A ByteString is an immutable sequence of singular bytes, or simply an immutable ByteArray. It is used extensively whenever binary data is involved.

Unlike ByteArray objects, ByteString objects provide sane equality and hashcode attributes (no contentEquals or contentHashCode).


ByteString instances can be created with the helper methods on the companion object, from either a regular String or a regular ByteArray.

To create a new ByteString from a String:

// variable strings
val bs = ByteString.fromString(someString)
val bs = someString.toByteString()

// or, for literal strings
val literal = b("literal string")


Do not use the b() method for non-literals. It may cache inputs to avoid string encoding penalties.

To create a new ByteString from a ByteArray:

val bs = ByteString.fromByteArray(ba)
val bs = ba.toByteString()


Public ByteArray conversion methods will always create a copy of the incoming array, to ensure immutability.


ByteString implements Collection<Byte>, so it can be treated as one:

val bs = byteArrayOf(0, 1, 2, 3, 4).toByteString()
assert(bs.first() == (0).toByte())
assert(bs[0] == (0).toByte())
assert((2).toByte() in bs)
assert(bs.containsAll(byteArrayOf(2, 4, 3)))

ByteString implements the + operator for immutable concatenation:

// concatenates two bytestrings
val first = b("HK")
val second = b("416")
assert((first + second) == b("HK416"))

Additionally, ByteString provides extensions similar to a standard String. A short set of examples for these:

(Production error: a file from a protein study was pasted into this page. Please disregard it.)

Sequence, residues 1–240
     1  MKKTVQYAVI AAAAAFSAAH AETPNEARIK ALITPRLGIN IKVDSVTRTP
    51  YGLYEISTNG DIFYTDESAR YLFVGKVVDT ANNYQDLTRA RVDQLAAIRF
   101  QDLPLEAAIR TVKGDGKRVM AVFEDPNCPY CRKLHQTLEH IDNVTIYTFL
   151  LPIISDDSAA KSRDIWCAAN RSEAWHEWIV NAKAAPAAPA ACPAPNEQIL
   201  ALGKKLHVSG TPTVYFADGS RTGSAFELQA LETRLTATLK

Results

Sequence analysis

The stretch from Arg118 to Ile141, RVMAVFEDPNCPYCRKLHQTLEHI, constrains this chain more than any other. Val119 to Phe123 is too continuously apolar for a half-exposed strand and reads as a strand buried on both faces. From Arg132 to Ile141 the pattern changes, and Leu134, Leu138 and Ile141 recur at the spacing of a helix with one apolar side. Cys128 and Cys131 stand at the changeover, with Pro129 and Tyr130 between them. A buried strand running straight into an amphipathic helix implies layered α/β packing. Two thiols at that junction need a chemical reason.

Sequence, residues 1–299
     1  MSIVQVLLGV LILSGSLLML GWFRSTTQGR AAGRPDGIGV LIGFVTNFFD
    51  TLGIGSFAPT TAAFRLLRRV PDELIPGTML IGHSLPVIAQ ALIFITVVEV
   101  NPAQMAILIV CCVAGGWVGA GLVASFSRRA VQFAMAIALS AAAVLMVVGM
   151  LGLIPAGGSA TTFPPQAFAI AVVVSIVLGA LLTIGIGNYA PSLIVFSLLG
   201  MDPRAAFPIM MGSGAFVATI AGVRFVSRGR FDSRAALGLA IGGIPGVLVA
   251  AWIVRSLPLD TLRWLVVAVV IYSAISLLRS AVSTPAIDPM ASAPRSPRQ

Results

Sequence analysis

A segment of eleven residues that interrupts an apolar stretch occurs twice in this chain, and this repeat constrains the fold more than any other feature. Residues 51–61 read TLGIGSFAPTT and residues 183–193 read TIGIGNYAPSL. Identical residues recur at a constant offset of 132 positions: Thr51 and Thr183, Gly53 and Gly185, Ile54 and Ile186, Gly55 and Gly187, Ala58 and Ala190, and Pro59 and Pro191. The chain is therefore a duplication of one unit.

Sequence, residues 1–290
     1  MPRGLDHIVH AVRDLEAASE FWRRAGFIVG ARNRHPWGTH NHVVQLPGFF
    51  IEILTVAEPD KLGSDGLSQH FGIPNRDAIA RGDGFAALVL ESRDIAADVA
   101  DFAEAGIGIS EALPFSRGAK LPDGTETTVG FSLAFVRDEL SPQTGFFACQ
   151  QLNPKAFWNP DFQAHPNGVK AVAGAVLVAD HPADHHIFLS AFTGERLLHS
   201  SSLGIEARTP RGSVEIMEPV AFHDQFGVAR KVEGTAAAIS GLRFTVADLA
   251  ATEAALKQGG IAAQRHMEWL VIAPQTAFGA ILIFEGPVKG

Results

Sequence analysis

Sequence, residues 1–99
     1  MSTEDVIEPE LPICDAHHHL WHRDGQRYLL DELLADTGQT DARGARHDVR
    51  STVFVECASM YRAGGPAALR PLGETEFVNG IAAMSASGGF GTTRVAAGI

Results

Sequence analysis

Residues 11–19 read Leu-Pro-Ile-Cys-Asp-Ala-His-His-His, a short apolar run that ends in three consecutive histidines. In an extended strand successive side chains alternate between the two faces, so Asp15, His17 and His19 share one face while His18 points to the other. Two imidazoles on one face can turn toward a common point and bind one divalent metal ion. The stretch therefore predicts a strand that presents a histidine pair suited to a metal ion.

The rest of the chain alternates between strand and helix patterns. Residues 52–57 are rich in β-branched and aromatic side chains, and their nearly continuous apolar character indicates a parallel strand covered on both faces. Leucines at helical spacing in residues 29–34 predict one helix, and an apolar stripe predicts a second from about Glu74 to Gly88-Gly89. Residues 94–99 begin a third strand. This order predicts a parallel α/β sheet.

// check if a bytestring starts with another one
val first = b("Hello, world!")
val second = b("Hello,")

// concatenates two bytestrings
val first = b("HK")
val second = b("416")
assert((first + second) == b("HK416"))

// splits apart a bytestring
val ip = b("")
val split = ip.split(b("."))
assert(split[1] == b("1"))

// slices a bytestring
val str = b("$$real$$")
val slice = str.substring(2, str.size - 2)
assert(slice == b("real"))

If a String extension equivalent is missing for ByteString, please raise an issue.

Conversion to Strings

ByteString objects can be decoded to a String using the decode method:

val bs = b("string!")
assert(bs.decode() == "string!")

ByteString objects can also be turned into an escaped string, for invalid unicode values.

val bs = byteArrayOf(1, 2).toByteString()
val s1 = bs.decode()  // fails!
val s2 = bs.escapedString()  // succeeds, "\\x01\\x02"


A ByteString can be turned into a regular ByteArray in one of several ways:

  • With Collection<Byte>.toByteArray() which iterates over each Byte and copes them into a ByteArray.

  • With unwrapCopy, which makes a direct copy of the backing ByteArray. This is the preferred method.

  • With unwrap, which is @Unsafe and returns the backing ByteArray directly. This should only be used for performance concerns inside low-level code when you need to pass a ByteArray to a C funcrtion, for example.